Alan Bennett's slight novel, The Uncommon Reader, is delightful and entertaining. Anyone who loves books should appreciate this enchanting story of the unnamed current Queen of England, who discovers the world of books.
Following her dogs, the queen finds the City of Westminster travelling library. When she goes on it to apologize, she feels it's her duty to check out one book. The following week, she returns with the book, looking for something else. Along with the librarian, a young man from the palace kitchen, Norman, suggests some books. Within a short time, the queen is hooked on books, and Norman has been moved into the library.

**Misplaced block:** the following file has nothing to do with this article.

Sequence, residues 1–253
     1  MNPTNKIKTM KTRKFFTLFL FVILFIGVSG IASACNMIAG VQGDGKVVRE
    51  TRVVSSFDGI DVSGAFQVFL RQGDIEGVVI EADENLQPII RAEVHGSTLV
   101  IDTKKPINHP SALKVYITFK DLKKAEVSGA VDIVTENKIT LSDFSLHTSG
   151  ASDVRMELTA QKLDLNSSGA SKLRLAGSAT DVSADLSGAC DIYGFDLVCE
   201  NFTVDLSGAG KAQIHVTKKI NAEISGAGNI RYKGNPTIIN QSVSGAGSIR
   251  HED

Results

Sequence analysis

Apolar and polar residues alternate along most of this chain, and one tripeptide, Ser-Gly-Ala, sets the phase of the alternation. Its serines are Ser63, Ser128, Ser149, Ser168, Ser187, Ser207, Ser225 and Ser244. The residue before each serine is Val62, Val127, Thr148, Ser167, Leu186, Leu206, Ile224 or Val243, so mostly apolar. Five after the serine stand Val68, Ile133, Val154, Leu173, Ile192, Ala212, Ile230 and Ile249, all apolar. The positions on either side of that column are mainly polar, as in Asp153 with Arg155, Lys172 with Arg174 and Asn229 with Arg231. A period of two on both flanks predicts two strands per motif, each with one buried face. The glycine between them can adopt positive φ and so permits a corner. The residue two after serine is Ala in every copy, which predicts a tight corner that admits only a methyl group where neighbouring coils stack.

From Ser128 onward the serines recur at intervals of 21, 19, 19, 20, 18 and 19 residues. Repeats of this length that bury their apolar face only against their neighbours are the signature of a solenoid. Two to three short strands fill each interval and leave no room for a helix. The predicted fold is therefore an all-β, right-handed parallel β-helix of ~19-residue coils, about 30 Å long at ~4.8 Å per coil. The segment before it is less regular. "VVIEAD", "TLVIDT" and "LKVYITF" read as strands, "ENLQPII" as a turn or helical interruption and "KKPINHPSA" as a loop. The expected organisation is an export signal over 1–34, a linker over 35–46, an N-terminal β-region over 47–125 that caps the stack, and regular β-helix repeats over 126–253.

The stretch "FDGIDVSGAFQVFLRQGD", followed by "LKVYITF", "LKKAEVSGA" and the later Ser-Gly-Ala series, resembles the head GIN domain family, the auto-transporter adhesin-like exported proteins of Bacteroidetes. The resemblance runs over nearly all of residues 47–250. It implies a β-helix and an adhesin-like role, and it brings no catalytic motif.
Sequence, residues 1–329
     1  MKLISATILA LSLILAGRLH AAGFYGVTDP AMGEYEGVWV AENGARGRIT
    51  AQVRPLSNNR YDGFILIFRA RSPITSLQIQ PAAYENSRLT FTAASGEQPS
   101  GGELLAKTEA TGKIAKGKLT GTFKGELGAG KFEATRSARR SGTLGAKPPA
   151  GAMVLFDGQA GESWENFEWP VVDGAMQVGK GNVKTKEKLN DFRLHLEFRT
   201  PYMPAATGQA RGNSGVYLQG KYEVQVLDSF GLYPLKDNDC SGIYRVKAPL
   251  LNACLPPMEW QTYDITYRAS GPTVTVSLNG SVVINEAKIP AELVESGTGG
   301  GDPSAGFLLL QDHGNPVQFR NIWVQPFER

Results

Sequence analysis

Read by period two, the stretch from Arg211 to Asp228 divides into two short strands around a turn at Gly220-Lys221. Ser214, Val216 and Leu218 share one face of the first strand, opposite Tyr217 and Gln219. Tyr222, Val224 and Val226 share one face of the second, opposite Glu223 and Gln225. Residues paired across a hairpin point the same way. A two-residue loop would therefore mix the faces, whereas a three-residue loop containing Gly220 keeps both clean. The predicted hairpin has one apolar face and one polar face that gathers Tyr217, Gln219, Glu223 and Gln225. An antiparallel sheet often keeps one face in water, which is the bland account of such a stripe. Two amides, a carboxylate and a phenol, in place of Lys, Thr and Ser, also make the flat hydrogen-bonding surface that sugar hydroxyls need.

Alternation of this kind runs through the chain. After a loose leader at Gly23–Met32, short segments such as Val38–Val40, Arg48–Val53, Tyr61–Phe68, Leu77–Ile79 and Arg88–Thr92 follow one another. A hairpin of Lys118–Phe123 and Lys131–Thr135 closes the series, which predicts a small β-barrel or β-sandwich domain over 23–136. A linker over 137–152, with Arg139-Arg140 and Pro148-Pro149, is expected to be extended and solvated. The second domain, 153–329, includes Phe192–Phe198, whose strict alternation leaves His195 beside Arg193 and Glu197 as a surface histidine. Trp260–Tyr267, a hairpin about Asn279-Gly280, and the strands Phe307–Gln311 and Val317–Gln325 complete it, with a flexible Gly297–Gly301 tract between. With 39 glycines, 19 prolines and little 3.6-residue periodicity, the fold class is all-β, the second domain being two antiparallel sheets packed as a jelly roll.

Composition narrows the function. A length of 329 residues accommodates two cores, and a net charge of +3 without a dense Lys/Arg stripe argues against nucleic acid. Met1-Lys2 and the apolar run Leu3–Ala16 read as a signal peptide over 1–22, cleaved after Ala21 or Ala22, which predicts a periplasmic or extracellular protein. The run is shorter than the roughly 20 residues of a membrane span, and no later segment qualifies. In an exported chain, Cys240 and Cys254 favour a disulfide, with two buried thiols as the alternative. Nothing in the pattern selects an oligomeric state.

How can anyone resist a queen who realizes, "What she was finding also was how one book led to another, doors kept opening wherever she turned and the days weren't long enough for the reading she wanted to do"? Or there's the time she tells Norman she would excel at the pub quiz because she's been everywhere and seen everything. She totally disrupts her household, and the routine, by stopping to ask her subjects what they are reading.
The queen is truly "The Uncommon Reader," in this enjoyable book with a twist at the end.
The Uncommon Reader by Alan Bennett. Farrar, Straus and Giroux, ©2007. ISBN 978-0-374-28096-3 (hardcover), p. 120.